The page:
Mission: In partnership with communities, arizona youth partnership cultivates healthy foundations for youth and promotes strong families.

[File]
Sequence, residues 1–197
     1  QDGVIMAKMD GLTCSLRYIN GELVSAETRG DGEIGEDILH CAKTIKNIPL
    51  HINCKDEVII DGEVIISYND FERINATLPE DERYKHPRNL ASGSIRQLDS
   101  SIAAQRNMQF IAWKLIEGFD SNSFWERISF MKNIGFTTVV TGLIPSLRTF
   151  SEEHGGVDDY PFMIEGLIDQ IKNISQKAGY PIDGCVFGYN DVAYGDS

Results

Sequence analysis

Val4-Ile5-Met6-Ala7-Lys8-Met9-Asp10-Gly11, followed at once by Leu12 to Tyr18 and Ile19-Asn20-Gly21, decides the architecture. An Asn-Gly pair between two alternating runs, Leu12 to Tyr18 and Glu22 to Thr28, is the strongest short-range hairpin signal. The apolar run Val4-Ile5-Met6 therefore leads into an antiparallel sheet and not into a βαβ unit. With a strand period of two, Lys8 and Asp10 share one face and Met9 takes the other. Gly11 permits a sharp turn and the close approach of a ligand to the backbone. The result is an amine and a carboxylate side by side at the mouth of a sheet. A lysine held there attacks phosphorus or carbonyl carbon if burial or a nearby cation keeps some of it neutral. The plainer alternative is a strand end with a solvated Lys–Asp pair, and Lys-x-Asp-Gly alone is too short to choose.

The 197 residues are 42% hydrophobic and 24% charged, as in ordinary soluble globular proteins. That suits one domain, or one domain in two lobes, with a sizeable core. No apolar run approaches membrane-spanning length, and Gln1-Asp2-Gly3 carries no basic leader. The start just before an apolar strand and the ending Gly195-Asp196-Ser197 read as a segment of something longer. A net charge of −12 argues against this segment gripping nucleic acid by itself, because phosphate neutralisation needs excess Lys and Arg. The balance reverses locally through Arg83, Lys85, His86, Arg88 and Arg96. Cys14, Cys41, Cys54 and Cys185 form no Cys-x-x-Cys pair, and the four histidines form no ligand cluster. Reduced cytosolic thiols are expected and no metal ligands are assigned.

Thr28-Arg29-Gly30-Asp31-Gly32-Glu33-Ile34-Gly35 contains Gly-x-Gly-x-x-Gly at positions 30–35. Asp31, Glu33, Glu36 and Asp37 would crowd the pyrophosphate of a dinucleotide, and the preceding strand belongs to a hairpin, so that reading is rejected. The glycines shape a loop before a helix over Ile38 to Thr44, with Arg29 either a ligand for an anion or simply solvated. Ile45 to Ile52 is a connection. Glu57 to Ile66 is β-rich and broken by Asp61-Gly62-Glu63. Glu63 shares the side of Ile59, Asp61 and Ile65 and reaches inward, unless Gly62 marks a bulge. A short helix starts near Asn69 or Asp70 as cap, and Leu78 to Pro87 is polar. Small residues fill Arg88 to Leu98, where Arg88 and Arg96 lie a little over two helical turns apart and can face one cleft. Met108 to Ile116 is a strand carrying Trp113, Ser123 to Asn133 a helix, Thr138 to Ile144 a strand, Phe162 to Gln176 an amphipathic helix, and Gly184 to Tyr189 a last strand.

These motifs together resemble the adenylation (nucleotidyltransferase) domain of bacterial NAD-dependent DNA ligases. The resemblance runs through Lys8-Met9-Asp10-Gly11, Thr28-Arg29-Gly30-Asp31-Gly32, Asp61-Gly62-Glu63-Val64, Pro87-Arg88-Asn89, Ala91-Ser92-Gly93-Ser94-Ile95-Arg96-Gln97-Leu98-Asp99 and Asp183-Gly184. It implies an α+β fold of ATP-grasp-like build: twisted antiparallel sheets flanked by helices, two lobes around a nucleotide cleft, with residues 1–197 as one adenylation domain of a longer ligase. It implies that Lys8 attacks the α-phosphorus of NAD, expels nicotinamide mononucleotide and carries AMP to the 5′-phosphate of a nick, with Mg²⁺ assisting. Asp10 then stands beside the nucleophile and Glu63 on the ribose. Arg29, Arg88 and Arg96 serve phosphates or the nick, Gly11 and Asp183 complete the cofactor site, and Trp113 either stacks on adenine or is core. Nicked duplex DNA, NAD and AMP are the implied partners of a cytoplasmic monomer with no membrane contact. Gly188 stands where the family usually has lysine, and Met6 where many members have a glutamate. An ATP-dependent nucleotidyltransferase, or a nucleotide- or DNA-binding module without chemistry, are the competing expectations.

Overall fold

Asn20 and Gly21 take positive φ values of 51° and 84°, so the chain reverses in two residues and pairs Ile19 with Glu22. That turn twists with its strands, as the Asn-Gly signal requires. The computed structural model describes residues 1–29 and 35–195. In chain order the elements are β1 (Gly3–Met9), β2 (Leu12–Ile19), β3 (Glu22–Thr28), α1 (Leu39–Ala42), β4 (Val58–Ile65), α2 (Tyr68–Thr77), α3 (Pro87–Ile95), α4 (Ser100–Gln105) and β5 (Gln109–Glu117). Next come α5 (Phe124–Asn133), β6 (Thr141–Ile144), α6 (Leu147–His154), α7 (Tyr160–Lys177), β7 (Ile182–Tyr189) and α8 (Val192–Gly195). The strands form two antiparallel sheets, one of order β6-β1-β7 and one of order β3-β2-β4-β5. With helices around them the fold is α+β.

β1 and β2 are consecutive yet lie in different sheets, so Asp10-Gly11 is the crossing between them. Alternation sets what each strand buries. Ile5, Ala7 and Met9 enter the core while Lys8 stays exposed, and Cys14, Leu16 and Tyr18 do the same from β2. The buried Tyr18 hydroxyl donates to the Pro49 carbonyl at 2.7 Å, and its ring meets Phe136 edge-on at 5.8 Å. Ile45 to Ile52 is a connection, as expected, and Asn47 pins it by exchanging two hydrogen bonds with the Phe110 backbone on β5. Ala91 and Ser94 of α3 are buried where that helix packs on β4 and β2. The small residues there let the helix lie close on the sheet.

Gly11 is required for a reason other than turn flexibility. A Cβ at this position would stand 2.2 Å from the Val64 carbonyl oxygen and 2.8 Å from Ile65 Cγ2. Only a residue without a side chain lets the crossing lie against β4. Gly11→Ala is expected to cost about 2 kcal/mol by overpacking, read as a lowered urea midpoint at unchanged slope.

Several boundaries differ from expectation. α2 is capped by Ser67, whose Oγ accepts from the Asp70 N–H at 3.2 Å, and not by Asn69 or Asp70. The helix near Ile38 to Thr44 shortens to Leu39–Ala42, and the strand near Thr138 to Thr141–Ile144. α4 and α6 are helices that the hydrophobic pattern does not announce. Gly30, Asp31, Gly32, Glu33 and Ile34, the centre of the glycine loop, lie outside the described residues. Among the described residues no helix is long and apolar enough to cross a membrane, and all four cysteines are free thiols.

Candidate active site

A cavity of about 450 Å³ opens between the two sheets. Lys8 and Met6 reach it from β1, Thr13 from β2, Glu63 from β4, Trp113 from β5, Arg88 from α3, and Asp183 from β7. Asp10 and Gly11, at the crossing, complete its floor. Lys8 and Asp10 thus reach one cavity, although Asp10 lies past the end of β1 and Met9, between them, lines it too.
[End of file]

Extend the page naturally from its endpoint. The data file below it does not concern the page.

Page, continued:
Programs: Arizona youth partnership (azyp) was founded in 1990 by a group of concerned pima county citizens who sought to provide rural communities in the county access to the services available in the tucson metro area. In 2006, azyp expanded to serve rural communities across arizona and seeks to employ a root cause approach to fight poverty by building healthy, self-sufficient youth and families through evidence-based prevention programs and community involvement that utilize a three-pronged approachto accomplish our mission:cultivating healthy foundations for youth: azyp offers evidence-based relationship education, afterschool and youth leadership programs that equip youth to focus on life success goals and work to prevent teen pregnancy, alcohol and substance abuse and anti-social behaviors. Azyp served 14 school districts across nine counties in arizona and served over 6,000 youth through these programs. Azyp also served 33 youth in our basic shelter (harbor house) which serves homeless and runaway youth in mohave county. Promoting strong families: azyp family programs offer practical knowledge, strategies and tools to build and sustain healthy marriages, parenting, and economic self-sufficiency. This past year, 140 families across arizona completed a 7-week, strengthening families parent & family education program that focuses on building family communication; 651 individuals participated in azyps building futures for families program which combines relationship education with job and career case management for low-income families and as a result, 188 individuals found jobs, and 112 received advanced certificates. Mobilizing communities through coalitions: azyp assists community coalitions with resources that facilitate community-wide change focused on prevention of substance abuse and underage drinking. Azyp facilitated coalitions in rural and underserved arizona communities and through these mobilization and resource development strategies enabled the advancement of six successful community coalitions in pima and mohave counties.